Nova

related topics
{math, energy, light}
{work, book, publish}
{rate, high, increase}
{black, white, people}
{day, year, event}
{ship, engine, design}

A nova (pl. novae) is a cataclysmic nuclear explosion caused by the accretion of hydrogen on to the surface of a white dwarf star, which ignites and starts nuclear fusion in a runaway manner. Novae are not to be confused with supernovae or luminous red novae.

Contents

Development

If a white dwarf has a close companion star that overflows its Roche lobe, the white dwarf will steadily accrete gas from the star's outer atmosphere. The companion may be a main sequence star, or one that is aging and expanding into a red giant. The captured gases consist primarily of hydrogen and helium, the two principal constituents of ordinary matter in the universe. The gases are compacted on the white dwarf's surface by its intense gravity, compressed and heated to very high temperatures as additional material is drawn in. The white dwarf consists of degenerate matter, and so does not inflate at increased heat, while the accreted hydrogen is compressed upon the surface. The dependence of the hydrogen fusion rate on temperature and pressure means that it is only when it is compressed and heated at the surface of the white dwarf to a temperature of some 20 million kelvin that a nuclear fusion reaction occurs; at these temperatures, hydrogen burns via the CNO cycle.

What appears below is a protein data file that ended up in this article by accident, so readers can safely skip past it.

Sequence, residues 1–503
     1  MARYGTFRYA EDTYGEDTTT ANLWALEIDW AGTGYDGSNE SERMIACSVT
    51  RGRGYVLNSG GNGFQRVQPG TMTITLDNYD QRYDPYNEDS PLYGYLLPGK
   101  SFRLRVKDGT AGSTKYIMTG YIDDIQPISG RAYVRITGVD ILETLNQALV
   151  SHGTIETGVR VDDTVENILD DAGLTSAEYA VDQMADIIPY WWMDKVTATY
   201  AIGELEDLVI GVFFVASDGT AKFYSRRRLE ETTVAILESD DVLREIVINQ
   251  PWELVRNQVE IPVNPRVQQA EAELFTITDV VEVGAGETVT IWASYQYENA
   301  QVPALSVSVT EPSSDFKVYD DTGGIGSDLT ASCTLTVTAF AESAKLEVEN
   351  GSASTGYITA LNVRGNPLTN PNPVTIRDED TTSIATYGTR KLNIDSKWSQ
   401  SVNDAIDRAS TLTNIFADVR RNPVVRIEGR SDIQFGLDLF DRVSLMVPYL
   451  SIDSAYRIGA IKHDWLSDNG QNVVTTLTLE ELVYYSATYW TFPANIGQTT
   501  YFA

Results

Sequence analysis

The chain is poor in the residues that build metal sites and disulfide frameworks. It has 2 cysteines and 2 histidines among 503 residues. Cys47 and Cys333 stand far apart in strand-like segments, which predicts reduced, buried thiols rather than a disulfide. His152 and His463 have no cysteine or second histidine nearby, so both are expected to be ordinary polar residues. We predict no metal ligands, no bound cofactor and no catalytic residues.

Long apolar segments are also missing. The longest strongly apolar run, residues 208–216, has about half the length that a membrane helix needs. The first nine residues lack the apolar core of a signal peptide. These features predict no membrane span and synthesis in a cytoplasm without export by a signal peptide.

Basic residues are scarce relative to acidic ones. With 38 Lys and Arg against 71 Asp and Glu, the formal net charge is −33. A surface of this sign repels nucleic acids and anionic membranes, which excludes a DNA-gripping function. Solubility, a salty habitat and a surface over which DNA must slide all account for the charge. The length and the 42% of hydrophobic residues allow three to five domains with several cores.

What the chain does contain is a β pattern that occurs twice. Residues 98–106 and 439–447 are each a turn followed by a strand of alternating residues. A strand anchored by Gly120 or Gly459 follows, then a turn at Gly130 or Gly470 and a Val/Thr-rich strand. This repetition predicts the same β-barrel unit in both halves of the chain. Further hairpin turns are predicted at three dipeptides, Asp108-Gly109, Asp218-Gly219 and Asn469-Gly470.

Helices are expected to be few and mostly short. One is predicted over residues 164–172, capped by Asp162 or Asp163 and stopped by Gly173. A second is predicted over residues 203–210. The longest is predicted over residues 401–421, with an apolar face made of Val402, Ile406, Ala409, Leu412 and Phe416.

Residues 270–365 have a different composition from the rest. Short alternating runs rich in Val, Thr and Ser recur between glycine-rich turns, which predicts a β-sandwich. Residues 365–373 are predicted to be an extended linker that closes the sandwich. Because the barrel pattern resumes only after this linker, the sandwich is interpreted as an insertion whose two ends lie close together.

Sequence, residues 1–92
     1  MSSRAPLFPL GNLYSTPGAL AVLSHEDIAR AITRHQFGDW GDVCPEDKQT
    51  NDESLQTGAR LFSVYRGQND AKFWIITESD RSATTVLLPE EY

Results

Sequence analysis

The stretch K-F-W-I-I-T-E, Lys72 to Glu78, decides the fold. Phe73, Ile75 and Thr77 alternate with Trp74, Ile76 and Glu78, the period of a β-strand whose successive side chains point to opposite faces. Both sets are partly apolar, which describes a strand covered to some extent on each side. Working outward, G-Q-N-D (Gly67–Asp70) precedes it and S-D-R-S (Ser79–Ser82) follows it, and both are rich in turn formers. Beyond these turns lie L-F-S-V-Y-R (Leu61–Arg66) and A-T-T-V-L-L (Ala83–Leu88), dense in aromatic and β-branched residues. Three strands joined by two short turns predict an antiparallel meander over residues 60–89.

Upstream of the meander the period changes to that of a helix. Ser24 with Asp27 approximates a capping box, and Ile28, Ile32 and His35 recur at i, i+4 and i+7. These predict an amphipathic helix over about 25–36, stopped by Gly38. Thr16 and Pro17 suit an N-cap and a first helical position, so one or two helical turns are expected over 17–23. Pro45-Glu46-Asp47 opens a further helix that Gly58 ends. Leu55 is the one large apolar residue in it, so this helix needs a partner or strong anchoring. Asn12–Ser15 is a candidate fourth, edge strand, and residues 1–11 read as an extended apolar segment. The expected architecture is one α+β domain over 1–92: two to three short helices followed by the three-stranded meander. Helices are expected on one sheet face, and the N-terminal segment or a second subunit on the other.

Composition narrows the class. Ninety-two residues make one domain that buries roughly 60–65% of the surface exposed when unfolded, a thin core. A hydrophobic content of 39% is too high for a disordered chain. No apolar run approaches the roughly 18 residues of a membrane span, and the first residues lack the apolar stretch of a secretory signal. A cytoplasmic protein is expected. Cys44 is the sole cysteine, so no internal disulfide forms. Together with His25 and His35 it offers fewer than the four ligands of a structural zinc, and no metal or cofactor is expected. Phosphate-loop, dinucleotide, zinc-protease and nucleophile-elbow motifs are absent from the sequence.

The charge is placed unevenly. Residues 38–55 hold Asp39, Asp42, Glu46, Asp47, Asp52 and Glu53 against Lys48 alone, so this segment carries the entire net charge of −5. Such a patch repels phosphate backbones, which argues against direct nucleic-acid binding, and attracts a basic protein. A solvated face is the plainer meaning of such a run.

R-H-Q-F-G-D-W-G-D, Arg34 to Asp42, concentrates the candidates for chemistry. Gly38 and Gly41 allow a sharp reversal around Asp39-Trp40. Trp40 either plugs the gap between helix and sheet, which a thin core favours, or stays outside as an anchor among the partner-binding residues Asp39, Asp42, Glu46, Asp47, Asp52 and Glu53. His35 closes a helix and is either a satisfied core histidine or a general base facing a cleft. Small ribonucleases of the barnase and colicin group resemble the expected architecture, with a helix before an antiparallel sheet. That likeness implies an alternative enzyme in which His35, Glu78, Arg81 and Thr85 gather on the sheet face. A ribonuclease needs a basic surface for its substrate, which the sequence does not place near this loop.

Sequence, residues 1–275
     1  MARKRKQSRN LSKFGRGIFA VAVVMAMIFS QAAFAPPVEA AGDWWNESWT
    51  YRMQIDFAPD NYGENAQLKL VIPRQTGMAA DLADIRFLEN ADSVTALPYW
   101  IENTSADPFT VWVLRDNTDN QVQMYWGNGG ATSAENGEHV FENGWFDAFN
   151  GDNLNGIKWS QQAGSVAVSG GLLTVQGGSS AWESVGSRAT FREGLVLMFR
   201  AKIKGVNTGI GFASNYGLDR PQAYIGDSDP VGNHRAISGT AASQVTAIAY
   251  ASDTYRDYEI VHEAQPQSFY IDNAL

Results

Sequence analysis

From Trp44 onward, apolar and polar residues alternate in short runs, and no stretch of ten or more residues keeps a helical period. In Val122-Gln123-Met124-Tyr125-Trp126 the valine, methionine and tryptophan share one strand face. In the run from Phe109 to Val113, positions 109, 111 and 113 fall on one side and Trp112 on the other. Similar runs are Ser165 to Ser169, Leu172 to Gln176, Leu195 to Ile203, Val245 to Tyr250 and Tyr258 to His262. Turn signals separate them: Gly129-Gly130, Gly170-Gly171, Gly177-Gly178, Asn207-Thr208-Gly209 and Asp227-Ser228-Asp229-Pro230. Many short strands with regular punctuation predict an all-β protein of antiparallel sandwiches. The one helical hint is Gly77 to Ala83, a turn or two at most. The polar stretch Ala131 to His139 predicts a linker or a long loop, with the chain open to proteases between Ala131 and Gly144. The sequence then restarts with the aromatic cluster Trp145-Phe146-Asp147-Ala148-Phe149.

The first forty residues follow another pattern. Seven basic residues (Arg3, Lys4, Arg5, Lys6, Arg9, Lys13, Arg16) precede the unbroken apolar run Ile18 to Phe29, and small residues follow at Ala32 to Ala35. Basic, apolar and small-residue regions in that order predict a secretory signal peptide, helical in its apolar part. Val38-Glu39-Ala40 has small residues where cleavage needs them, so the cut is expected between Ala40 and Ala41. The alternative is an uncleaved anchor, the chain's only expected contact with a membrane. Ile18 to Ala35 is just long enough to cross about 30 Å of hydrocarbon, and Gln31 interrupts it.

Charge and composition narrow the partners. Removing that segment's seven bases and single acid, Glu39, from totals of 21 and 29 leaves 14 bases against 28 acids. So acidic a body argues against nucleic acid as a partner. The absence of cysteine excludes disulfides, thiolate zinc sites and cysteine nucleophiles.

For most binary system parameters, the hydrogen burning is thermally unstable and rapidly converts a large amount of the hydrogen into other heavier elements in a runaway reaction.[1] (Hydrogen fusion can occur in a stable manner on the surface, but only for a narrow range of accretion rates.) The enormous amount of energy liberated by this process blows the remaining gases away from the white dwarf's surface and produces an extremely bright outburst of light. The rise to peak brightness can be very rapid or gradual which is related to the speed class of the nova; after the peak, the brightness declines steadily.[2] The time taken for a nova to decay by 2 or 3 magnitudes from maximum optical brightness is used to classify a nova via its speed class. A fast nova will typically take less than 25 days to decay by 2 magnitudes and a slow nova will take over 80 days.[3]

Full article ▸

related documents
Frustum
North Star
Spheroid
Fomalhaut
Angular acceleration
Gegenschein
Dynamic mechanical spectroscopy
Antenna effective area
Atomic, molecular, and optical physics
Iapetus (moon)
Maunder Minimum
Ohmmeter
Superluminal communication
Miranda (moon)
Electro-optic effect
Pascal (pressure)
Strouhal number
Ring current
Wide angle X-ray scattering
3753 Cruithne
Weyl's postulate
Albireo
Orrery
Rheology
Archimedean spiral
Speed
Solar furnace
Linear polarization
Transmission medium
Fundamental frequency